We recently continued our discussion of third-party cookie deprecation with Ad Age Studio 30 and Chief Growth Officer Joanna Catalano, Managing Director, Global Accounts, Marie Fenner and ID5 CEO Mathieu Roche on the topic of "How the right data can build brand value and protect consumer privacy." Below, we share the key themes from the discussion centered on measurement, first-party data and how publishers can take advantage of their rightful time to shine.
The efficacy of measurement and attribution post-third-party cookie
Despite proclamations of a “cookie apocalypse” over the last year, measurement won’t become unachievable once third-party cookies are retired. There are three key areas to focus on, according to Catalano:
1. Campaign reporting: Marketers and publishers will want to continue to see performance of viewability, reach, and click-through rate across segments. They should expect to see a decrease in total impressions, but an increase in click-through rate, since the data the industry will use for targeting impressions will be much more reliable.
2. Match rate: One thing that will be key to understanding how valuable these unified identity systems are is match rate. In other words, how many of the IDs we recognize are also recognized by brands? Observing match rates pre- and post-third-party cookie will help determine if unified IDs are as reliable as third-party cookies.
3. Revenue attribution reporting: The revenue generated from ads and the ability to attribute that revenue to individual pageviews, users, segments, content types and more will be critical. The industry will also need to keep an eye on the average CPM pre- and post-third-party cookie as it’s likely that they will go up.
Identity and data are not one in the same — but first-party data still counts for a lot
Generally speaking, a lot of the people who have invested in cookieless identification also happen to have a data-based business model, Roche said.
“So they've conflated those two topics in saying, ‘Well, you know, the future is first-party data or the future is, you know, authenticated users, because their business model is tied to those topics. In reality, you have first-party data, but you can have third-party data attached to a universal ID...but it's not the core.”
Roche of ID5 explained that identity is the core, or the currency, that enables trading of assets — namely, data on customers. Brands and publishers need a way to connect information to an individual across the board, including when they're on their own sites and partner sites, at a greater scale.
“What we need is a global currency to power digital advertising,” he said. “That's what identity is, right? That value attached to identities, intelligence, customer knowledge, all of that is the asset that will be enabled by currency.”
Having permissioned, first-party data does go a long way towards enabling the currency of identity, Fenner said. Authenticated users can receive value exchange in the form of offers to sign up for newsletters, donate money to a publication or access premium content via a subscription. Beyond reader revenue models and advertising, some publishers are dipping into e-commerce as a revenue stream. For example, The Telegraph uses affiliate marketing to advertise gardening equipment to readers of its Gardening section, and Stylist has a Strong Women section in which they advertise particular activewear brands.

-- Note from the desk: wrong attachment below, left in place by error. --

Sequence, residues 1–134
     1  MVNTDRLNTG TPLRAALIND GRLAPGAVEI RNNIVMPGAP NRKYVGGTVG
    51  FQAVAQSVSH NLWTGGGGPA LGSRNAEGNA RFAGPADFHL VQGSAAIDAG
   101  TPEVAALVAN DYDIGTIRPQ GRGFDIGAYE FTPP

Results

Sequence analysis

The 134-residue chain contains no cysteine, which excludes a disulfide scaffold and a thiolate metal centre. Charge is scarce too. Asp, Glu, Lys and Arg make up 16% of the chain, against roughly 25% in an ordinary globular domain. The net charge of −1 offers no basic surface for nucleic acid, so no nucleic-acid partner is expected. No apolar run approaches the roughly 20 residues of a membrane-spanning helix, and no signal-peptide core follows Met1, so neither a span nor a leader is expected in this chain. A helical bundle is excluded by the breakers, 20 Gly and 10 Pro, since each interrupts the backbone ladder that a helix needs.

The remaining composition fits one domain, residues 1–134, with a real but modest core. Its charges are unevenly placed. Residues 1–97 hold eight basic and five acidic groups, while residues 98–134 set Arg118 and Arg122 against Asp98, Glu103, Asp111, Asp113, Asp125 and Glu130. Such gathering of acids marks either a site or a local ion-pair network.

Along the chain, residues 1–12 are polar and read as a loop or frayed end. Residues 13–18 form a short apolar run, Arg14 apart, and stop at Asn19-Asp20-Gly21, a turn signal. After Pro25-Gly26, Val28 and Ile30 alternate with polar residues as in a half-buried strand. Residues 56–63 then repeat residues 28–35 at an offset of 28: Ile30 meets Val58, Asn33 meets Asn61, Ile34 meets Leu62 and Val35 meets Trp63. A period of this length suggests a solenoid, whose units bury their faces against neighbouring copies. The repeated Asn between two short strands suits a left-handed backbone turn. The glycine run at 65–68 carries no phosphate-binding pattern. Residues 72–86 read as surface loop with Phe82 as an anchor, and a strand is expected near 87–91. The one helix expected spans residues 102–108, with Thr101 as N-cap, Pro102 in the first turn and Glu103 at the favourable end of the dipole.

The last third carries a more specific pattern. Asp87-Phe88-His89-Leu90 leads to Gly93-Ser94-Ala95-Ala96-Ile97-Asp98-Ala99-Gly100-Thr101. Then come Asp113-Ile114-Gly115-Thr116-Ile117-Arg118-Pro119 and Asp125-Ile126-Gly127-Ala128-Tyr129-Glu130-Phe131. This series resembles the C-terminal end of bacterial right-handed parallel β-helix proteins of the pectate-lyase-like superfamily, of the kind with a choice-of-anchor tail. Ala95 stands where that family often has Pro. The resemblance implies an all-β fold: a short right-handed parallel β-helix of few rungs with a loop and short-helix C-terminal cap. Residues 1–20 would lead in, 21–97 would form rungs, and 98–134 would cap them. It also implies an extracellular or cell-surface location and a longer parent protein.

“By doing [this], you are actually leveraging the data you're collecting to hyper-personalize, but also at the same time, you're actually garnering even more data from there as well,” Fenner said. “So there's a much bigger revenue generation so that you do not just rely on advertising, but product diversification as well.”
The three Cs to keep in mind
Fenner had a ready mantra for publishers preparing for the future without third-party cookies: “Try all the solutions so you’re not left in the dust, but stay on the right side of the law.” In particular, she recommended keeping in mind the “three Cs:”
1. Consent: Publishers must make sure they are doing the right thing and obtaining consent to open up the doors to collect more data in exchange for value.
2. Content: Premium journalism, personalized, for a price — you can do this once you have the data.
3. Collaboration: Publishers can work together, whether it’s a universal ID or a consortium, to create scale critical to their survival.
Catalano added: “Don't go into this with fear. There's so much information; people are having this discussion. Take advantage of the availability of options, take advantage of the fact that there's information widely available and be empowered by it and be creative with it.”
A challenging but worthwhile journey for publishers
“Publishers have suffered from third-party cookies, because third-party cookies enable basically everybody anytime, anywhere to have access to your audience and your data,” Roche said. “And data leakage has been a huge problem. And it's 100 percent related to the availability of identity enabled by third-party cookies.”
A shift away from third-party cookies will help publishers lock down their inventory and only offer it to a more exclusive group. Echoing a point we and our partners have shared over the last few months, publishers must take the time to really understand what the options are, the pros and cons and the level of technical integration needed. As many industry players and organizations have been saying for more than a year, adoption is necessary, simultaneously, on both the buy side and the sell side.
“There is a huge opportunity for the publisher to regain some of that negotiation power, some of that control over your own data and your own assets that has been lost because of programmatic and because of third-party cookies over the past 10 years,” Roche said. “So now is the time.”